6. I def. think that first 3 months is the fourth trimester of pregnancy and really needs to be treated that way. Your body is still halfway pregnant and recovering and the baby is largely attached to and dependent on you if you’re breastfeeding. You live in a baby haze.

    I felt incredibly blessed to enjoy the 18 weeks of paid parental leave from my government. Okay it was at minimum wage and I had to meet a work-test (amount of hours worked in previous 13 months) but better than nothing. Much better. With a small amount of savings on top of that, I was able to spend six months caring for my bub full-time before heading back to work. I think it took me that long to remember my own name.

  7. You’re awesome. The photos accompanying this post are the best. I have nothing else intelligent to say (I’m still waiting for my coffee to kick in).

  8. My daughter was born a day before baby Gabe was and I’m sitting here attempting to type what I consider to be a very HOT topic for me as I nurse my almost 8 week old. I’m grateful that I live in a country where I get one year of paid maternity leave. I cannot imagine, Lauren, having to leave this little person with strangers and resume work! I’ve thought of you often and can’t imagine having to do that. I had a Csection and am still recovering. We had a heck of a time trying to figure out the breast feeding on top of that. Most of these past 8 weeks has been just about learning how to be her mom….how to manage Breastfeeding in public without flashing people….to juggle a car seat, diaper bag AND baby….how to feed myself and her at the same time and manage to do several loads of laundry while not getting spit up on or pooped on in between. Oh and did I mention my nipples still hurt!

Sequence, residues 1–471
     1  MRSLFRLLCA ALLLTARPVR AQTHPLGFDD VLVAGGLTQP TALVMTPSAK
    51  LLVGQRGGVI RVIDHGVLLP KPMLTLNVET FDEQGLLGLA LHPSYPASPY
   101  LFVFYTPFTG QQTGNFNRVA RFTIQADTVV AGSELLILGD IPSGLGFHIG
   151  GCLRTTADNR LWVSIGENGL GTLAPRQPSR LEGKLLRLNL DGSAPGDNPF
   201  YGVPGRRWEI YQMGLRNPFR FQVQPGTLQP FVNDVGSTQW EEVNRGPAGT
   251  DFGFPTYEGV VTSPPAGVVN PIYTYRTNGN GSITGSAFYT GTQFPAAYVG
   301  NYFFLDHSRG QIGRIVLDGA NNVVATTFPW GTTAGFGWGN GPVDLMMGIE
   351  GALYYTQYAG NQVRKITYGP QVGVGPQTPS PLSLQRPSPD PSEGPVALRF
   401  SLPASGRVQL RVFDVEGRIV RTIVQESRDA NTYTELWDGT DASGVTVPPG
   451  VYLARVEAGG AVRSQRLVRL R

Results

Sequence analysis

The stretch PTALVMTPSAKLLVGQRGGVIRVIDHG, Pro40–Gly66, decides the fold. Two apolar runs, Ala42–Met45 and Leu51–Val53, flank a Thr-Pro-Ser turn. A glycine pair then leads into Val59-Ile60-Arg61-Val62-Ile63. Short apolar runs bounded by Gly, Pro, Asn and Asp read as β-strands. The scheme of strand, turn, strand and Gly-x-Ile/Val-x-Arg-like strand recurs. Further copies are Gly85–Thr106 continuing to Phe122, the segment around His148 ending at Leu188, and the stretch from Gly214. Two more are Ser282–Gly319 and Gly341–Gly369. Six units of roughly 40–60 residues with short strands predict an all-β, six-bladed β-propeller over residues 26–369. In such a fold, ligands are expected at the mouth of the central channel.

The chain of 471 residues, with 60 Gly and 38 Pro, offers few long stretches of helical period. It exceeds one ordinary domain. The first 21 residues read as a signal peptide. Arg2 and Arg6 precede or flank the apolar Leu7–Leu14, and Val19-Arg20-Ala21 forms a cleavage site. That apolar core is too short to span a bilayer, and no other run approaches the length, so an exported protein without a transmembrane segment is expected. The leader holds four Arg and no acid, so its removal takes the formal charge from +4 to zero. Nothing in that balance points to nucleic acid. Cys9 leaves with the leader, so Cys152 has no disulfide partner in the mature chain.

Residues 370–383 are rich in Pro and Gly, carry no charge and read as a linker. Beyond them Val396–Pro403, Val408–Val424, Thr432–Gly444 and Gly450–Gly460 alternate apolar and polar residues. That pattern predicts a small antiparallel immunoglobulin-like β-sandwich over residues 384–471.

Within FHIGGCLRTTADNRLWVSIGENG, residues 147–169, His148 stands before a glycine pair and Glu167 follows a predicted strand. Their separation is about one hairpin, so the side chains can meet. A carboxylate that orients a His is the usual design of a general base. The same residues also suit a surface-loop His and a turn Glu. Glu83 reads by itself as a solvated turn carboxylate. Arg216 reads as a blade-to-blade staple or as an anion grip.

Good luck, Lauren. I’ll be thinking of you. 🙂

    1. Oh man… the laundry!!! Don’t even get me started on the laundry! I’m still trying to wash poop out of one of my tank tops. Holy moly.

      And thank you for your thoughts! I am greedy about updates from you on facebook, I have to admit. 🙂 Kamel is taking a month with the baby starting Monday, so we won’t start daycare until June, but it was very very very stressful even securing just those three months for Gabe. I spent my entire pregnancy stressing out about having enough time with him and making sure he wasn’t in daycare too young. But it felt so so so out of our hands.